Isolated ventriculomegaly on prenatal ultrasound: What does fetal MRI add?

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Cerebral ventriculomegaly is one of the most commonly detected fetal anomalies at the midtrimester ultrasound. Current evidence suggests that magnetic resonance imaging (MRI) is indicated when the isolated ventriculomegaly (IVM) on ultrasound is severe (>15 mm), but there is less agreement when IVM is mild or moderate (10–15 mm). The current study aimed to determine the frequency and nature of additional findings on MRI in IVM and their relationship to the severity of VM and gestational age.


Data were gathered prospectively from all pregnant women with ultrasound-diagnosed IVM referred for MRI between November 2006 and February 2013. Cases with IVM and no other suspected cranial abnormality on a tertiary ultrasound performed at our institution, at or after 20 weeks gestation, were included.


Of the 59 fetuses with unilateral or bilateral IVM, additional findings were seen on MRI in 10 cases (17%) and half of these findings were identified in fetuses with mild IVM. Five of 40 (12.5%) fetuses with mild IVM had additional findings and 3/5 (60%) were potentially clinically significant. No additional abnormalities were identified in fetuses less than or equal to 24 weeks gestation with mild or moderate IVM. There was no statistically significant relationship between gestational age and additional findings on MRI in mild IVM. Callosal and septum pellucidum lesions, periventricular abnormalities and malformations of cortical development accounted for all of the significant additional findings.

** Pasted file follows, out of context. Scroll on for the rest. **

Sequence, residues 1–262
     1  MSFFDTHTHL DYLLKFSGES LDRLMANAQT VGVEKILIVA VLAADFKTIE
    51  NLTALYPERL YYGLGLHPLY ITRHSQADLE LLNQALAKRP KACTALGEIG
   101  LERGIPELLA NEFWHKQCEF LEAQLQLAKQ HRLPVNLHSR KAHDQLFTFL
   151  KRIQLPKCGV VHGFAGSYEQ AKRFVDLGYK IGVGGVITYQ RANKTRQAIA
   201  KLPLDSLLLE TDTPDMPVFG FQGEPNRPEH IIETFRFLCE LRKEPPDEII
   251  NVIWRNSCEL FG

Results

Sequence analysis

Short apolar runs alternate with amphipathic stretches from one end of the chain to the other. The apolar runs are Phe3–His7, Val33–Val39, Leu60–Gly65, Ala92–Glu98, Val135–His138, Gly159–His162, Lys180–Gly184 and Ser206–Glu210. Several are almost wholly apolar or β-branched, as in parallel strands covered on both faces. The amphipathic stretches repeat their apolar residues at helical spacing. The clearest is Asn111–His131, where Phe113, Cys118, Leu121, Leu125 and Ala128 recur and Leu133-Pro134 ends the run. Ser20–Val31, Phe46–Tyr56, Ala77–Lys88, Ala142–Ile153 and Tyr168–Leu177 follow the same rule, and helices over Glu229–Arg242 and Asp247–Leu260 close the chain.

This study helps to inform referral of pregnant women with a fetus who has IVM for prenatal MRI.

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